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    Study: Snacking Gives Way to Regular Meals

    Convenience stores among top destinations for off-peak eating.

    Snackers aren't just snacking anymore. They're eating regular meals during the traditional "snack" dayparts, from 3 p.m. to 5 p.m. and 10 p.m. to 2 a.m., according to research from NPD Group, a global market research firm.

    In fact, 50 percent of people who eat out during those hours are consuming regular meals, data from the Port Washington, N.Y.-based group indicates.

    Harry Balzer, vice president of NPD Group, said not ounce of data exists to suggest that Americans are snacking more. NPD data show that snacking away from home is actually declining, though most consumers eat a snack during the course of a day, according to a report in Nation's Restaurant News.

    "Snacking can be in the home or outside the home, though it is mostly in-home," he noted.

    During snacking times, younger consumers are more prone to purchase items from restaurants, NPD data shows. Teenagers constitute the largest proportion of afternoon restaurant eaters, or 24 percent of total traffic from 3 p.m. to 5 p.m. During the late-night period, from 10 p.m. to 2 a.m., young adults are the heaviest restaurant users, with 18- to 24-year-olds accounting for 28 percent of total traffic and 25- to 34-year-olds making up 22 percent of traffic.

    At quick-service restaurants, people who eat during off-peak hours, in the mid-afternoon and late night, call the eating occasion a "snack" about half of the time and a "meal" about half of the time. "Even if they call it a snack, they're eating meal-like products," Balzer said.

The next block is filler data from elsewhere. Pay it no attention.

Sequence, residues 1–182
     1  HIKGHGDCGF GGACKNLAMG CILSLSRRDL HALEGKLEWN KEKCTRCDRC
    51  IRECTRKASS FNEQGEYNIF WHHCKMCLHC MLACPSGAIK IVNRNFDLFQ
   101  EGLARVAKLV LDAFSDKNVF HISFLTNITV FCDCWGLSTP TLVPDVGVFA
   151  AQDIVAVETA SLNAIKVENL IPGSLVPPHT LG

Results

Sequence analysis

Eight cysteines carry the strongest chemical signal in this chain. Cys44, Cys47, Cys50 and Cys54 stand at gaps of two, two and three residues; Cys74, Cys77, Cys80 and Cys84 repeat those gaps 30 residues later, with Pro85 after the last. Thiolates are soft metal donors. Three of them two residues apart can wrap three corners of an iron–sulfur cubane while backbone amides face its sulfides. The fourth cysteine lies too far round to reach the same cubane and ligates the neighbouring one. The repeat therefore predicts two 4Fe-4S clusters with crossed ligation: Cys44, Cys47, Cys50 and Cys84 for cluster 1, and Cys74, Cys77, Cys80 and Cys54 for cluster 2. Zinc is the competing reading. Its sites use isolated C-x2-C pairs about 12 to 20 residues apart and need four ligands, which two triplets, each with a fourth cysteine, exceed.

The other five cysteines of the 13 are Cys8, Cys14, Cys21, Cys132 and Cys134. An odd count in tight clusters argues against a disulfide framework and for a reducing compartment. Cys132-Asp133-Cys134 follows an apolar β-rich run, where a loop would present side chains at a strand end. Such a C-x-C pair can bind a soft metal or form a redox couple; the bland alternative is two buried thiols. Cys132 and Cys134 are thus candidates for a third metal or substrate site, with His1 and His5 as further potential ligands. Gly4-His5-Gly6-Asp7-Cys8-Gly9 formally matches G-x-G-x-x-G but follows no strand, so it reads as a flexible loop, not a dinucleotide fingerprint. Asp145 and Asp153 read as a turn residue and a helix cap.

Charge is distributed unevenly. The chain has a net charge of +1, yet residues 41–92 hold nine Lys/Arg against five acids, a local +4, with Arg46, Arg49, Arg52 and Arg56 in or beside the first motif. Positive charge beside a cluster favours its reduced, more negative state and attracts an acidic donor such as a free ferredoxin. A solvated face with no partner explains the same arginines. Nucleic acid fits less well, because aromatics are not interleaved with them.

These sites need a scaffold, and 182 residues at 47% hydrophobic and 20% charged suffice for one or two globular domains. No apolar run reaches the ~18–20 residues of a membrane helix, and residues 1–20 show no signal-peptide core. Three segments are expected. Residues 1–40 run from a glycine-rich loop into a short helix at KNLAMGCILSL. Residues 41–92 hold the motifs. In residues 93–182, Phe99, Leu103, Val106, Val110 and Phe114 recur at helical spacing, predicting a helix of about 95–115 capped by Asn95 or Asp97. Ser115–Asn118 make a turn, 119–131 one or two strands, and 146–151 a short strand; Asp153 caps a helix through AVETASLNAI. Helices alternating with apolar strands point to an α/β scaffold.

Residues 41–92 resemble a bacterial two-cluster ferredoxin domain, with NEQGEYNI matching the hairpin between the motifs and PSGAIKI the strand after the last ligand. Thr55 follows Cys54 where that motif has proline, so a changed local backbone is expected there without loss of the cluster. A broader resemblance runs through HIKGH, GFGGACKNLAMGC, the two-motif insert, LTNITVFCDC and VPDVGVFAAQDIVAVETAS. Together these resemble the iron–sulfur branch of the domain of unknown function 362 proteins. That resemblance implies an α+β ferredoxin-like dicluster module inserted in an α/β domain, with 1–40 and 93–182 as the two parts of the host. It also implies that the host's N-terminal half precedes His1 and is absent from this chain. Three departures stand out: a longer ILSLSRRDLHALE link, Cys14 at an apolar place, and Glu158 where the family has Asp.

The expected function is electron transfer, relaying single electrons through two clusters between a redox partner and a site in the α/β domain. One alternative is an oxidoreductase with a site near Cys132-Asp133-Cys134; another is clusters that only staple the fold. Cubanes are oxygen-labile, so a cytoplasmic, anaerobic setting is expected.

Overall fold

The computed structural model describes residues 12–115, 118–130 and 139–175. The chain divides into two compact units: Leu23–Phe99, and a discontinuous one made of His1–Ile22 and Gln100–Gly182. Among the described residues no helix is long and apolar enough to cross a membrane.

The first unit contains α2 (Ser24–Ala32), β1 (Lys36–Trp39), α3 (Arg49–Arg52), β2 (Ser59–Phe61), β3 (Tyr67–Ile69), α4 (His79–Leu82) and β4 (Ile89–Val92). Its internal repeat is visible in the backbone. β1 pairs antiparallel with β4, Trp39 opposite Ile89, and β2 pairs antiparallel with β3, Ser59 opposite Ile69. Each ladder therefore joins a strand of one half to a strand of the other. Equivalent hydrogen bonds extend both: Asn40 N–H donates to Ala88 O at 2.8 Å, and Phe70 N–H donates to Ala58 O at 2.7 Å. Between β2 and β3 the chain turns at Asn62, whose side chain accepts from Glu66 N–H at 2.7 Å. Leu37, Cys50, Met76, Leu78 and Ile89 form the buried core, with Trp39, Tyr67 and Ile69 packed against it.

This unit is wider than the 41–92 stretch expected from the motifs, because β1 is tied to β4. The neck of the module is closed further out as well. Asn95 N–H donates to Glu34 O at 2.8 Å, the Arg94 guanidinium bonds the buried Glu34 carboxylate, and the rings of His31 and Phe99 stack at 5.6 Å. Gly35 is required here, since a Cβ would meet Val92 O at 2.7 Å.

Convenience and grocery stores also rank as top destinations for off-peak eating. Top purchases at convenience stores in the afternoon and late night include smaller snack items, such as soft drinks, candy and candy bars, potato chips, bottled water and cookies.

    New products increasingly drive the market-share battle between retailers and restaurants, Balzer said. "So it's not ice cream, but what is new in the ice cream category," he said.

    Balzer points to the category of yogurt-based products as an opportunity for restaurateurs trying to attract non-meal snack business. In addition to seeming like a treat, yogurt-based products "have a halo of health around them," he said.

    In fact, American consumers are eating more yogurt now that ever before, he noted. "It is one of the snack categories that is actually growing," he said.

    Several quick-service chains have followed in the footsteps of McDonald's, with its long-running fruit and yogurt parfait, by adding yogurt-based products to their menus. Wendy's recently rolled out a low-fat, strawberry-flavored yogurt cup with granola, after introducing a fresh fruit bowl with yogurt dip earlier this year.

    TCBY Systems of Salt Lake City in July unveiled a quick-service concept wholly focused on yogurt, called Yovana. The first unit, which debuted in Phoenix, offers fresh yogurt parfaits, yogurt smoothies and frozen yogurt treats with fresh fruit and granola.

    Beyond attracting customers to quick-service restaurants with snacks they perceive as treats, Balzer also sees opportunity for operators of snack concepts to offer the meal-like products that 50 percent of customers are seeking in the afternoon and late-night periods.

    "I would say bring on sandwiches, or things that are typically lunch products," he said. "I would tell operators to be thinking about feeding as a meal."

    Dunkin’ Donuts is one chain working to expand its offerings beyond breakfast and snack dayparts, according to Jon Luther, chief executive of the Canton, Mass.-based Dunkin' Brands Inc. Dunkin' Donuts, which has more than 4,500 domestic units, is testing panini sandwiches at about 75 stores in its Providence, R.I., market.

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